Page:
Patient evaluation and vascular mapping prior to placement of hemodialysis arteriovenous access
- Gerald A Beathard, MD, PhD
Gerald A Beathard, MD, PhD
- Clinical Professor
- University of Texas Medical Branch
- Section Editors
- David L Cull, MD
David L Cull, MD
- Section Editor — Arterial and Venous Access
- Clinical Professor, Department of Surgery
- University of South Carolina School of Medicine
- Jeffrey S Berns, MD
Jeffrey S Berns, MD
- Editor-in-Chief — Nephrology
- Section Editor — Dialysis
- Professor of Medicine
- Perelman School of Medicine at the University of Pennsylvania
An arteriovenous (AV) hemodialysis access is a deliberate connection between an artery and vein achieved by anastomosing native vessels or by the interposition of graft material. The goal of AV access creation is to provide an accessible vascular structure with sufficient blood flow that can be cannulated repeatedly to permit adequate dialysis. The medical and physical evaluation of the dialysis patient with chronic kidney disease (CKD) who is preparing for hemodialysis enhances the opportunity to place the most appropriate AV access for that patient. Ideally, the evaluation will identify anatomy suitable for the creation of an AV fistula. In most patients, only after determining that conditions are not suitable for an AV fistula should an AV graft be considered.
With the requirements necessary for a properly functioning AV access in mind, evaluation of the patient for hemodialysis arteriovenous access should include the patient's medical history, physical examination, and vascular mapping. In selected patients, specific arterial and venous evaluations may also be required. (See "Arteriovenous fistula creation for hemodialysis and its complications" and "Arteriovenous graft creation for hemodialysis and its complications".)
GOALS FOR AV ACCESS CREATION
When a hemodialysis arteriovenous (AV) access is created between the arterial and venous circulation, the goal is to create an accessible vascular structure with sufficient blood flow that can be cannulated repeatedly to permit adequate dialysis. The ideal type and characteristics for hemodialysis AV access are reviewed in the next sections.
Ideal type of hemodialysis AV access — The patient's age, presence of significant comorbid conditions, malnutrition, and functional status factor into the decision of whether to start dialysis therapy in the first place, but these same factors should also guide the type of vascular access when hemodialysis is selected . Whether an AV fistula, AV graft, or tunneled dialysis catheter is most appropriate must be an individualized decision. (See "Overview of chronic hemodialysis vascular access".)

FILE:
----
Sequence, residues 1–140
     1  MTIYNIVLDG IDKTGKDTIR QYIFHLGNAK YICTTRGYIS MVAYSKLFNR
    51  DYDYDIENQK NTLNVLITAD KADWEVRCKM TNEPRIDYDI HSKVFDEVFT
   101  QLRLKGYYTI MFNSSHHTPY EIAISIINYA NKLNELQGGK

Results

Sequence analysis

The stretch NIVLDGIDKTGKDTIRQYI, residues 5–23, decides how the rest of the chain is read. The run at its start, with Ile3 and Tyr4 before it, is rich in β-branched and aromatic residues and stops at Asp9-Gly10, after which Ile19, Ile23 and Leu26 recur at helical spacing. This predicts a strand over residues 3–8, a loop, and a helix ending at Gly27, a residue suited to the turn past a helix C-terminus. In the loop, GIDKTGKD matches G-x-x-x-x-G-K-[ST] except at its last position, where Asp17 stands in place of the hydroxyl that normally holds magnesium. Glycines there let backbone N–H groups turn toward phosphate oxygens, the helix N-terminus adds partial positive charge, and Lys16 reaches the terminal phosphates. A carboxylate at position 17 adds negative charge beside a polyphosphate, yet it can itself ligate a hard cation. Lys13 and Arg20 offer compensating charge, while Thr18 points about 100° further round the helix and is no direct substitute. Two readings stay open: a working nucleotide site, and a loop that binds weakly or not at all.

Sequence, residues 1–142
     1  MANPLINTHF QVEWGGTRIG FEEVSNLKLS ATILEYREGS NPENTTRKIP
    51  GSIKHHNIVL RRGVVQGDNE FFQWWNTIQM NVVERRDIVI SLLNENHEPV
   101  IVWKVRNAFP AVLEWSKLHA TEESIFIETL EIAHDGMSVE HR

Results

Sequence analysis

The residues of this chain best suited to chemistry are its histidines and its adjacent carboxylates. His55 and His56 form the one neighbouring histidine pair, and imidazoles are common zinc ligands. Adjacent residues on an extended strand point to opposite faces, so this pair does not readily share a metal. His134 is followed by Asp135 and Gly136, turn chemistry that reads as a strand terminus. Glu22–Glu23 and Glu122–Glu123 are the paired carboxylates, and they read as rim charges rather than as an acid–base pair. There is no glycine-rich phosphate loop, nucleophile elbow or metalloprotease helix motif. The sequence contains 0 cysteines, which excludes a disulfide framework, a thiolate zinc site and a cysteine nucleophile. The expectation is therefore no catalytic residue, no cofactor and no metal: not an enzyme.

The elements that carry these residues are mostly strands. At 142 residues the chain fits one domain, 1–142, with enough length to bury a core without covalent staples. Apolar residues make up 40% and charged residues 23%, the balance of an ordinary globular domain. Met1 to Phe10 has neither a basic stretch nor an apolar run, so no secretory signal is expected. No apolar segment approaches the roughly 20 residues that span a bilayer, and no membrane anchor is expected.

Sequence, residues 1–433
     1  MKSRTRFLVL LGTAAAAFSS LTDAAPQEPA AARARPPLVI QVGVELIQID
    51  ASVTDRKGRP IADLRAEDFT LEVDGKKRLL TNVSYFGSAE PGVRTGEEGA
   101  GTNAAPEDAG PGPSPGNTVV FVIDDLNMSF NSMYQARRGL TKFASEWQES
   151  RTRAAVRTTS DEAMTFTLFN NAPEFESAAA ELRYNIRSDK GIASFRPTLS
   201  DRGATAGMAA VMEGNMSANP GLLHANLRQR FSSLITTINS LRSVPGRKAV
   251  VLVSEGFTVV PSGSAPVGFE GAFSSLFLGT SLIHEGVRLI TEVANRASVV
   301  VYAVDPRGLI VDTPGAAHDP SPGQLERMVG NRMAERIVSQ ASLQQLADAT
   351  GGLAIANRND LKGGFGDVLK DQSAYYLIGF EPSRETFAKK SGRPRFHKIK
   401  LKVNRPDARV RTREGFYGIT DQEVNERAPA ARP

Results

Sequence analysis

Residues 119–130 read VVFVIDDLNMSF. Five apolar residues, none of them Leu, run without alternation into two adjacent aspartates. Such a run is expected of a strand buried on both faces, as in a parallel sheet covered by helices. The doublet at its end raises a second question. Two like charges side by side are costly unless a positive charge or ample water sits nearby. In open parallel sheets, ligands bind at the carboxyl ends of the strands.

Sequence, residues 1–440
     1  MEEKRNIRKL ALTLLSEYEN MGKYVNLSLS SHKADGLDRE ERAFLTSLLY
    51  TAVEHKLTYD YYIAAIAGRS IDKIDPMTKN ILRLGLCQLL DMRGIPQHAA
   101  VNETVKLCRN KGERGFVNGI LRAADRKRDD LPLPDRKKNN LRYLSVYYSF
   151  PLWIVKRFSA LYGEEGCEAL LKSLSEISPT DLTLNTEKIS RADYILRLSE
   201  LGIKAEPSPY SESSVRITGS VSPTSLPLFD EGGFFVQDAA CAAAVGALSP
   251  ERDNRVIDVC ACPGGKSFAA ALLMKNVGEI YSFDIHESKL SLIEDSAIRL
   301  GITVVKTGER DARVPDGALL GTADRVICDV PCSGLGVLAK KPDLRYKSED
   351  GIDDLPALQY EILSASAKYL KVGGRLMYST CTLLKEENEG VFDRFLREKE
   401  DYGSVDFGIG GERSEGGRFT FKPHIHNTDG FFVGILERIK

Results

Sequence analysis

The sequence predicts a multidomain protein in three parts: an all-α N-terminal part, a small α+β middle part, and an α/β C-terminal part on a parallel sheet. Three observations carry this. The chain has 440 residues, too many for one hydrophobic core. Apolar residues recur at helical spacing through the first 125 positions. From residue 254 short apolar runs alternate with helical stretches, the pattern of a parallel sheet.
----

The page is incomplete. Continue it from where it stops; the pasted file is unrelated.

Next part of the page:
Many chronic kidney disease (CKD) patients approaching hemodialysis will have anatomy that is suitable for an AV fistula placement, which should be the first-line choice in most patients. However, because of the time required for AV fistula maturation and the high incidence of nonmaturation, an AV graft would be more appropriate for those in whom vascular anatomy is not suitable for the creation of an AV fistula as determined by vascular mapping. In these patients, placement of an AV graft serves three functions. It provides a functioning AV access that can be used early, it allows maturation of the veins draining the access that may eventually support the creation of a secondary AV fistula, and it avoids placement of a dialysis catheter. (See "Overview of chronic hemodialysis vascular access".)To continue reading this article, you must log in with your personal, hospital, or group practice subscription. For more information on subscription options, click below on the option that best describes you:
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- GOALS FOR AV ACCESS CREATION
- Ideal type of hemodialysis AV access
- Ideal AV access characteristics
- GENERAL EVALUATION
- Medical history
- General physical examination
- Side of access
- - Handedness
- - Other considerations
- ARTERIAL EVALUATION
- Physical examination
- - Arterial pulses
- - Differential blood pressures
- - Allen test
- Reactive hyperemia
- Arterial imaging
- Poor arteries
- VENOUS EVALUATION
- General characteristics
- Vein size
- Vein distensibility
- Inadequate veins
- Choice of technique for evaluating vein size
- - Physical examination
- - Ultrasound
- - Venography
- SUMMARY AND RECOMMENDATIONS